Ever since I can remember, I have gotten sick when I have been forced to work a solid "8-hour workday." I never drank coffee until I started working in the corporate world, as I tried to force my energy level to adhere to the false notion that a worker at a desk job for 8 hours is a productive one. Nothing could be further from the truth, but only recently have scientists and corporate bigwigs been catching on to that fact.
It's been shown time and again that we humans need rest--and lots of it--to be at our best, cognitively, emotionally, and physically. We start to destroy cells and important muscle tissues as soon as we cross that line from "working optimally" to "being a little fatigued," and it's all down hill from there. The thing is, we humans cross that line after a much shorter time than 8 hours! As Tony Schwartz reveals in his excellent New York Times piece, "Relax! You'll Be More Productive," in as little as 90 minutes after an energetic high, we need a rest.
The bottom line of the article, and what my body seems to have been telling me for years, is: Relaxation improves performance.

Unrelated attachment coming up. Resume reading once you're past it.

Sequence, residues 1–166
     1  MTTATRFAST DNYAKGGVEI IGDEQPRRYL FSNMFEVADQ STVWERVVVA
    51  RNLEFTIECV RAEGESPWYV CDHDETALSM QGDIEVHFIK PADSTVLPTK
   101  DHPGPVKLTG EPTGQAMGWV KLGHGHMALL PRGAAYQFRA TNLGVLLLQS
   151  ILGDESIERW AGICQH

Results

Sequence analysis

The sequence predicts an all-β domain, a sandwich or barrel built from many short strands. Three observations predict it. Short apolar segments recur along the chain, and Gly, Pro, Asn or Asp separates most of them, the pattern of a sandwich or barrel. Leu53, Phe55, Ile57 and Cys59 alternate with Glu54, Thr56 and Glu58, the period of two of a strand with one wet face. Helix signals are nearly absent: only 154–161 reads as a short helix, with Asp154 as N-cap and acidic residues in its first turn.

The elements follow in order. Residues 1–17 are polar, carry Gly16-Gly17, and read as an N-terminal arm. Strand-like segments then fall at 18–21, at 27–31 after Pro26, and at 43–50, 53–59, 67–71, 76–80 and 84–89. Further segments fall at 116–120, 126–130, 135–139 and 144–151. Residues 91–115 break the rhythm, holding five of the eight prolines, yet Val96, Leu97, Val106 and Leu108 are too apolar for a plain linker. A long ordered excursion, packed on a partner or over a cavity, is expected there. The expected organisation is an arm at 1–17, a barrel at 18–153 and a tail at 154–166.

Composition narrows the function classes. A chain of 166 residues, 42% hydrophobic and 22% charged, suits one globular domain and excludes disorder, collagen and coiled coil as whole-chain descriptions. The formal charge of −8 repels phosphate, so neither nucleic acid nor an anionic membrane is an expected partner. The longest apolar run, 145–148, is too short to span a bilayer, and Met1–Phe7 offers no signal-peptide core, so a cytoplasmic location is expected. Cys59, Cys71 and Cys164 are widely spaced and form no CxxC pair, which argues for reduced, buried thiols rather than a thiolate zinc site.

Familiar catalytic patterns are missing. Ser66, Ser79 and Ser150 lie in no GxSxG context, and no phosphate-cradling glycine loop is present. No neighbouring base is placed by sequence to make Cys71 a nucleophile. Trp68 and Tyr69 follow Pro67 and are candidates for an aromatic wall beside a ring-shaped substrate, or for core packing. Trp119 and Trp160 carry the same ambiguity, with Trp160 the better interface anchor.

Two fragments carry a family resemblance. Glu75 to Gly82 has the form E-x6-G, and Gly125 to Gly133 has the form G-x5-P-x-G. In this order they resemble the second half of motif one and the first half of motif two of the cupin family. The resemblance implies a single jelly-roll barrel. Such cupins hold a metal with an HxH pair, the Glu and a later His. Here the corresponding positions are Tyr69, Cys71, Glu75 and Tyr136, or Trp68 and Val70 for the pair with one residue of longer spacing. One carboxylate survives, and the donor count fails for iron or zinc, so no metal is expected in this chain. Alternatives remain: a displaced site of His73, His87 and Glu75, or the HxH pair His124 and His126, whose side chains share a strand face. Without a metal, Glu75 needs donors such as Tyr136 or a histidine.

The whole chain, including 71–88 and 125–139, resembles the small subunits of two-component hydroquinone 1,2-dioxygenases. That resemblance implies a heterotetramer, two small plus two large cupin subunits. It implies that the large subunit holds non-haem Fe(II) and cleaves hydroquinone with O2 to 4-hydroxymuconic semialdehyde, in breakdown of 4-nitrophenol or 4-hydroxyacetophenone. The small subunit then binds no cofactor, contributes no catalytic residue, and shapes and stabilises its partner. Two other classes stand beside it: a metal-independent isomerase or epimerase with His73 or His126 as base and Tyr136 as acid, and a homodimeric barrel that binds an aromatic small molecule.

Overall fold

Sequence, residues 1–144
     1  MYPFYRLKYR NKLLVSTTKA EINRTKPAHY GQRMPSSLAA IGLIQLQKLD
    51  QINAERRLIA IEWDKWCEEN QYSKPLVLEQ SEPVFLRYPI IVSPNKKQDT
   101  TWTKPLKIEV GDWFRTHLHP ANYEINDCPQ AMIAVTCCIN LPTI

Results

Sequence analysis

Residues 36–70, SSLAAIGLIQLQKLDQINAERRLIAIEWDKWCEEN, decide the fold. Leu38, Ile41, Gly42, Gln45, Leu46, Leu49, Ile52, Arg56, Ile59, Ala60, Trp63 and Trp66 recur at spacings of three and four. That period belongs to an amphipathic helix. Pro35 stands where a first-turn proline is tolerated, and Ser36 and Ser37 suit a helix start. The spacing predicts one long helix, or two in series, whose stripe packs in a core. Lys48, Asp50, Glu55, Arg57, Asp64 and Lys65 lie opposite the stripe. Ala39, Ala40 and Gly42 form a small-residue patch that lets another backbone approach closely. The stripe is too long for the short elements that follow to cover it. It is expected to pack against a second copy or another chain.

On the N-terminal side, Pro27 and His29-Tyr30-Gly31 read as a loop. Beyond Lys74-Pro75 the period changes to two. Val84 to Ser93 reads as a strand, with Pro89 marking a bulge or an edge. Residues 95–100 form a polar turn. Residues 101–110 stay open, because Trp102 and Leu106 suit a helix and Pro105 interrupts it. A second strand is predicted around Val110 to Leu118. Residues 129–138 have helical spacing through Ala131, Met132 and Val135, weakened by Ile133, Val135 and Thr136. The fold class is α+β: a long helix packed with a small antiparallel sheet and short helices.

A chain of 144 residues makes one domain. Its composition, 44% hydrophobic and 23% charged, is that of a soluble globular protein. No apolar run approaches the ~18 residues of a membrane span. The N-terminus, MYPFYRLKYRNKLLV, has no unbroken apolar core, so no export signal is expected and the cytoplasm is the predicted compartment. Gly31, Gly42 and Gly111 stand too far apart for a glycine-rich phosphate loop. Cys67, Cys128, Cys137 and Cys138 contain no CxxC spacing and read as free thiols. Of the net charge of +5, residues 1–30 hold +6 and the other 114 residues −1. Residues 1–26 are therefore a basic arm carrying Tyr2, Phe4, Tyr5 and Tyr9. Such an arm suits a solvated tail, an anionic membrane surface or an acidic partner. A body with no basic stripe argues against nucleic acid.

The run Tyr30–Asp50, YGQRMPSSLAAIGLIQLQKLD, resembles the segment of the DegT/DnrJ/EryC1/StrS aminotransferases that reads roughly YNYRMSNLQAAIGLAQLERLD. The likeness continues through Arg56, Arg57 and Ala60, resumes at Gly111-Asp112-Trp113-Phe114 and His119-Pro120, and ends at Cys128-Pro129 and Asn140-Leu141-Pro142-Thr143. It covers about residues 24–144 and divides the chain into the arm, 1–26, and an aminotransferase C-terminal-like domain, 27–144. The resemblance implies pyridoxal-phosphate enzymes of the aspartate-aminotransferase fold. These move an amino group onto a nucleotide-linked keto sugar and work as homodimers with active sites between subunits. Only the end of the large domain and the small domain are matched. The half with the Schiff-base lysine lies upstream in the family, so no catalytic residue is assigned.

And by performance, I'm talking not just about work. I'm talking thinking/reasoning skills, emotional skills, and life skills that are crucial to "performance" in relationships, day-to-day interactions in public, and self-care.
We need vacations and time away from the "grind" sprinkled heavily throughout our days, or we just don't feel and act right.
I realized after trying to work for other people many times that I just couldn't play by someone else's rules (which required someone else's schedule) without getting dead sick. It happened every time! My body told me loud and clear, "Sara, you need regular relaxation built into your days or you'll die." Or at least, that's what it felt like. So I put a plan in motion to get out of the 9-to-5 (or, more often, 7-to-6) rat race and into a life that better suited my values: healthy life, healthy relationships, healthy body (none of which I had when working the corporate gig).
As we emerge from winter to spring, keep your needs for relaxation in mind. Honor your body's rhythms. And if you think you need some good brainstorming to come up with ideas for how to find that relaxation even during a 9-to-5 (or 7-to-6) gig, let me help. I can't give you answers, but I can ask you all the right questions to help you find what'll work for you.
Now, isn't it nap time?
Sara Hauber, MA
Coach, listener, observer, writer, and erstwhile teacher; constantly curious
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